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Unpacking

I.

Ma painted all my walls three coats of white. She said she almost fell off the ladder when she was painting the upper-right corner of the wall. I looked at the spot she pointed at, the almost-fell spot, and tried to find any mark, any stroke, that would indicate that Ma did almost fall off the ladder. 

She dragged the smallest luggage by my bed, gripping the handle so tightly that it made me scratch my neck.

After a few minutes of chit-chat about my flight, she finally left me alone to unpack. I could hear her humming in the kitchen, and soon enough, the smell of sauteed garlic and bok choy filled my room. I welcomed this familiar scent from my favourite meal and allowed myself to feel nostalgic.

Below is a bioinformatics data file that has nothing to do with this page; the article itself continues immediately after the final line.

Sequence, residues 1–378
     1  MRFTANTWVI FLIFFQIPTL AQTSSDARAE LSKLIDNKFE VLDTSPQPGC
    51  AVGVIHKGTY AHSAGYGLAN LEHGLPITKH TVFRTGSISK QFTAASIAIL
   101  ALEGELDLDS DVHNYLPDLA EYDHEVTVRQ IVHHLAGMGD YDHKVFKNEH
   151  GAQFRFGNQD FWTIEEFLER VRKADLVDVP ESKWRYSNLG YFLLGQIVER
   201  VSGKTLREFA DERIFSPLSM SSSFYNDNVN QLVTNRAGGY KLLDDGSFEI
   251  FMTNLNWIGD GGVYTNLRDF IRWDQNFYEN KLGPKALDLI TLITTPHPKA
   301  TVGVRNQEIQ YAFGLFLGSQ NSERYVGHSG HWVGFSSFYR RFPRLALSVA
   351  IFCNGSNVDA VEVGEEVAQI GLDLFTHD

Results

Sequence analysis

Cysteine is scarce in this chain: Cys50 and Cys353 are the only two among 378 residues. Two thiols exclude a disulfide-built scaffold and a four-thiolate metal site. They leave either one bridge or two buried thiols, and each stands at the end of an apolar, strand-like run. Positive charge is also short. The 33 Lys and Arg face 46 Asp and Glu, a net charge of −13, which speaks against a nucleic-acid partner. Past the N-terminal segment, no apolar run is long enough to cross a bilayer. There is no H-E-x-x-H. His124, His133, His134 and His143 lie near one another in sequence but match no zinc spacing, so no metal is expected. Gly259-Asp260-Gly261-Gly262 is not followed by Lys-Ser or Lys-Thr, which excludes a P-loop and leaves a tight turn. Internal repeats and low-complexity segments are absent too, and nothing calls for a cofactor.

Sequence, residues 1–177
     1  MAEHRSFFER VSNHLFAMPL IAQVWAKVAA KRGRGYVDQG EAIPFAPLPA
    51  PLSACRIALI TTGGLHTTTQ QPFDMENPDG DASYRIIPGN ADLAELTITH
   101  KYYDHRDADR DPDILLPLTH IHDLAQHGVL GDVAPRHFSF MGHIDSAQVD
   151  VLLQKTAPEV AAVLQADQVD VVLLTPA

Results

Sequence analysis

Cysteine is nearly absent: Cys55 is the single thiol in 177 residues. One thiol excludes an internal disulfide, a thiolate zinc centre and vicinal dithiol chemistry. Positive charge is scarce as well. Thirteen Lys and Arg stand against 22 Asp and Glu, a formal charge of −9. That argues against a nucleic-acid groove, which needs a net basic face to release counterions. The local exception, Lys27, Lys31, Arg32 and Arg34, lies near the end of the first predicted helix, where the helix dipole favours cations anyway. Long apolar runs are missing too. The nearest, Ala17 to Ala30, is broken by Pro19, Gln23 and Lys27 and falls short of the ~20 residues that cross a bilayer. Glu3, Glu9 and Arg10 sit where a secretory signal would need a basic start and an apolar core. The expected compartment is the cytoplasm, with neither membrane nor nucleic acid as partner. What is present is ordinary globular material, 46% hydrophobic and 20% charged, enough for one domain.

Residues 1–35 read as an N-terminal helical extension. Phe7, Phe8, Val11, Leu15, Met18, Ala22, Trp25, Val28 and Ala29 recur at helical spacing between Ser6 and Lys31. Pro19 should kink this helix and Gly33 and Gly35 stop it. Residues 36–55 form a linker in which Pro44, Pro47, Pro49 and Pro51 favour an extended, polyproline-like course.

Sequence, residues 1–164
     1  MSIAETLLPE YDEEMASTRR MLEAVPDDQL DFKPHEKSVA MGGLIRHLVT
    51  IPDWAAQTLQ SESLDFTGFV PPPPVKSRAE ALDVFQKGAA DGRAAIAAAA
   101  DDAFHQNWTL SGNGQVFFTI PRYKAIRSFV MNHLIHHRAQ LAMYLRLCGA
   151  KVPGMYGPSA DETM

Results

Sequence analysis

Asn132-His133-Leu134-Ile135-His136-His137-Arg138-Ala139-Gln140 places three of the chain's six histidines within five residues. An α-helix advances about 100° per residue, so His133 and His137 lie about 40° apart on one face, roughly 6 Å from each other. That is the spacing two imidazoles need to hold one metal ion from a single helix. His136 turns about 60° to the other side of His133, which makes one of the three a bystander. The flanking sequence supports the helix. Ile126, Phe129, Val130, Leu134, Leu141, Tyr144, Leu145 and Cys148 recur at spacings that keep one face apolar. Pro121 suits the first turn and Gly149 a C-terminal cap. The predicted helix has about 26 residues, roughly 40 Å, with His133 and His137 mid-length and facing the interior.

I remembered my childhood friends and searched for the scrapbook we made in 8th grade. I went through my dusty bookshelf still filled with young adult fiction I used to love: the secret teenage spies, the Greek gods and goddesses, the shadowhunters and the witches. I found my halloween costumes and tried them all on again. And under my bed, a box of old love letters. 

I noticed a very faint orange streak on the wall which had turned darker under the white paint. I thought that it could very well have been part of a marigold I painted there before. Maybe it was one of the petals. I wanted to trace the orange line with my fingers, to feel the paint under my skin, but it disappeared as soon as I moved closer. Three coats of white, I reminded myself. 

“Luna, come out for lunch,” I heard Ma call out.

II.